Little buck, big doe

Discussion in 'Goats' started by lijj, Dec 23, 2006.

  1. lijj

    lijj Well-Known Member

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    Has anyone ever had problems getting does bred with small, young bucks? The buck I want to use is small, I'm not sure how small, but the owner said he was young. Last year I used a small buck as well, and there was no problems, but I was curious if anyone ever had a problem with young bucks.
     
  2. suzyhomemaker09

    suzyhomemaker09 Well-Known Member

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    Sometimes the younger bucks just " don't quite get it"...I had a variety of bucks i used for breeding this year..a young boer buck to breed to my meat girls..he hadn't even gone into rut yet....no stinky pee behaviour yet :) but he did the deed well enough as i sent him back home after about 3 months of holding him. Now I'm working on breeding minimanchas...trying to use a Nigie buck on a full sized LaMancha doe was troublesome at best...so I kept his breeding to my smaller does and bred my bigger girls to a LaMancha buck.
    I'm very excited to see what sort of kid crop i end up with this year :)
     

  3. Caprice Acres

    Caprice Acres AKA "mygoat" Staff Member Supporter

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    Hey Jill, lol... :)

    Well, I bought a buck in the fall of last year, expecting to use him on one of my does last breeding season. He had NO idea what to do! Poor lil bugger. He WAS about 10-12 months old or so at the time, just was too much of a gentleman, lol. He wasn't able to reach my alpine doe that I had paired with him, so she went to visit my other buck... But I think that was due to inexperience and because he was so short. I don't think He'll have a problem with my other does this year. But yes, a young buck can sometimes be intimidated and inexperienced... However this is not common and most bucks automatically know just what to do, hehe.
     
  4. Sher

    Sher Well-Known Member

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    Yes..I had this problem with Mickey the first year. He was a little shy and my girls didn't really want anything to do with him. I know this sounds bizarre, but I think they were all waiting for Barge..the buck we had used for three or four years.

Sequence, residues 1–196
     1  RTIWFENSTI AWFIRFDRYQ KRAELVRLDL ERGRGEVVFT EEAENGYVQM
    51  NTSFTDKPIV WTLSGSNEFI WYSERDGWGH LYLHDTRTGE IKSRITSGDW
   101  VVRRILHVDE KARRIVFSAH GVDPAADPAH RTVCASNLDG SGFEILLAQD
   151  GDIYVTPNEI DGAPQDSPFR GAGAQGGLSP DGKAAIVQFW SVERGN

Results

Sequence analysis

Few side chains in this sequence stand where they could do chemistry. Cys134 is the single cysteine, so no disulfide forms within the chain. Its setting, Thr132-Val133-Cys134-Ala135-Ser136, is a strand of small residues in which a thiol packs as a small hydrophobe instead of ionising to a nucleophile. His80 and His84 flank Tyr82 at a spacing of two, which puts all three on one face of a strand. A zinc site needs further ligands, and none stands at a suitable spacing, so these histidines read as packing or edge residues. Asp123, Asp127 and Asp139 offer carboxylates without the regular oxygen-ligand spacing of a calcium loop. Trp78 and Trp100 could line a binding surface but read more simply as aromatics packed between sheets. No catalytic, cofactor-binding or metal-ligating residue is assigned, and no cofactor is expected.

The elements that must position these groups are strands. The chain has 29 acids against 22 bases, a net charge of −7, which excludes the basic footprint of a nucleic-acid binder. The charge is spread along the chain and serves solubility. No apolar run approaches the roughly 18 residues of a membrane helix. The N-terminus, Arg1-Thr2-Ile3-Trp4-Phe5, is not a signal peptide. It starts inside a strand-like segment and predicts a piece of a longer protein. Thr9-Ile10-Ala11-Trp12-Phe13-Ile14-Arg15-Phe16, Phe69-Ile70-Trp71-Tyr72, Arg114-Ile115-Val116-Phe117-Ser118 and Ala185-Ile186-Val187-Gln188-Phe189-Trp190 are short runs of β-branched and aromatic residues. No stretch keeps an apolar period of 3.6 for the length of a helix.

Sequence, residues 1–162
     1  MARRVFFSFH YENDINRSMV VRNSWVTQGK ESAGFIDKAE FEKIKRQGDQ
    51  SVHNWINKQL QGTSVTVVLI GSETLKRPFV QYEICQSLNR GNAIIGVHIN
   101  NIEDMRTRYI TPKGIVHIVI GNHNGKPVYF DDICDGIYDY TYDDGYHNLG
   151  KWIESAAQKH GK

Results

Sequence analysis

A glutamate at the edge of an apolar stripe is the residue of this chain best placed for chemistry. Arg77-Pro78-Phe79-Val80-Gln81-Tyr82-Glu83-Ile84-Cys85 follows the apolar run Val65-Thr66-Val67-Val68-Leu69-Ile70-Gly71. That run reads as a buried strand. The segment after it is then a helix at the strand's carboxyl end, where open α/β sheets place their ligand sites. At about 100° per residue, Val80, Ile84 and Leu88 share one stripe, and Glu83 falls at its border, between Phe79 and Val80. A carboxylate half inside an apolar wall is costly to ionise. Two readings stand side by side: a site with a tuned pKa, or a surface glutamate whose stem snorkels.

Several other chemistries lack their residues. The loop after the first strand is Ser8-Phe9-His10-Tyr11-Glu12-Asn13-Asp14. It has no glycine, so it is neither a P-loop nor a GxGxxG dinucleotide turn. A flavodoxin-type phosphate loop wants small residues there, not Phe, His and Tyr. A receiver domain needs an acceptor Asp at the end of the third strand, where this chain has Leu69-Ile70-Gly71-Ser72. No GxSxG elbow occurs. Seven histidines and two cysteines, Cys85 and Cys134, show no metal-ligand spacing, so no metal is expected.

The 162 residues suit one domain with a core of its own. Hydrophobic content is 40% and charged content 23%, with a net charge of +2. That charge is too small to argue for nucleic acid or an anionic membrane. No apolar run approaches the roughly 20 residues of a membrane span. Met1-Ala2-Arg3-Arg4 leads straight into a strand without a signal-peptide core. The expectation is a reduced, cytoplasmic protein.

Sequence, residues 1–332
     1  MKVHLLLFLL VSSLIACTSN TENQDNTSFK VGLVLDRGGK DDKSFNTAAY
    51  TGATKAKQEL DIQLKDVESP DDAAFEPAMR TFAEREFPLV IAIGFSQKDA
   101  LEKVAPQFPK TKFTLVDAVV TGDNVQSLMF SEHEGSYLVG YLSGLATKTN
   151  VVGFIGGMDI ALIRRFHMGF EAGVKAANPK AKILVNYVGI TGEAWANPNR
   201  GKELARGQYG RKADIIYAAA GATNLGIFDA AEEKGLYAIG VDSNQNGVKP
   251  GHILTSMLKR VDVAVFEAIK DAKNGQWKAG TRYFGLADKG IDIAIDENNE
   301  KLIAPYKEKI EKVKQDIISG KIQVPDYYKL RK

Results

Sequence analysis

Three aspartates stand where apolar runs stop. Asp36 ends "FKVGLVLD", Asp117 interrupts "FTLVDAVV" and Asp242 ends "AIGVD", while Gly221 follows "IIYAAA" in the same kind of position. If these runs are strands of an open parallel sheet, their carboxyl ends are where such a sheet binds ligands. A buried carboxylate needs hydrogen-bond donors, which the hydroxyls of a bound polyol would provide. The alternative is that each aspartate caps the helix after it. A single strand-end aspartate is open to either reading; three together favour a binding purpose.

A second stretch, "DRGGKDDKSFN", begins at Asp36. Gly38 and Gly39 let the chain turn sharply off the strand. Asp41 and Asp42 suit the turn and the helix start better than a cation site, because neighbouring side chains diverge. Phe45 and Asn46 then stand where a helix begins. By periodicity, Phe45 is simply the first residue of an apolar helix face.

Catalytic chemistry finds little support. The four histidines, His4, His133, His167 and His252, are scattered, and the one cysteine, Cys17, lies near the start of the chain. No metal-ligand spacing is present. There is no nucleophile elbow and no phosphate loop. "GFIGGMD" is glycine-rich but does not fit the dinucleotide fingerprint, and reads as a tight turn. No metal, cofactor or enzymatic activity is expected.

Finally .. one day I was looking out the window at them. A doe had just rebuffed Mick and walked away from him. Wow..all of a sudden he was steamed..ran after her..knocked her down..ALL the does were watching..when he walked that doe back up to the rest of the herd..he started smelling to high heaven, (which he hadn't before) and they all respected him. And the breeding season began!

    So, yes..whether it be immaturity, or does that have someone else in mind..I think your buck will come around. I almost gave up on Mick..but I am glad I didn't. Good luck!
     
  5. Idahoe

    Idahoe Menagerie More~on

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    I made a platform of four 4" high concrete blocks on the milking stanchion to help my ND buck reach my standard LaMancha does. The does go to the stanchion b/c they know thats where they get their grain, and the buck jumps up behind them and does his business. It took them a while to "get it", but they all did.
     
  6. manygoatsnmore

    manygoatsnmore Well-Known Member Supporter

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    On one of the goat groups on Yahoo, a poster said that she build a plywood platform in kind of a U shape, backed the doe into the U and then the shorter buck had no trouble reaching her. She said it worked better than the old "put the hay bale behind the doe for the buck to stand on", because the plywood platform was sturdy and didn't scare the buck. I thought it made sense, and plan to try it myself next time I need to mate a big doe (and our Alpine herd queen is a BIG girl) to a younger, smaller buck. I've tried the hay bale method with poor results, and I don't have any real dips in the topography around here - pretty flat land.

    I've also seen short bucks just wait until the doe lies down, and then jump on her, lol. Where there's a will? :D
     
  7. goatkid

    goatkid Well-Known Member Supporter

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    I've never had any problems getting the younger bucks to breed the older does. Once they are old enough to realize they are bucks, they get busy. In fact, that's how Bubbles came to be. Her sire was a little Boer buckling who snuck back into the pen after being pulled from his dam. He bred my oldest Nubian doe when he was only 5 months old. He also bred a yearling grade while he was there - and this was only overnite.
     
  8. Charleen

    Charleen www.HarperHillFarm.com Supporter

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    It's funny to watch those little boys up on their tippy toes trying to do the job. We've even had one fall over backward. You could always take the doe outside and stand her on a smaller incline or put the buck up on a small platform.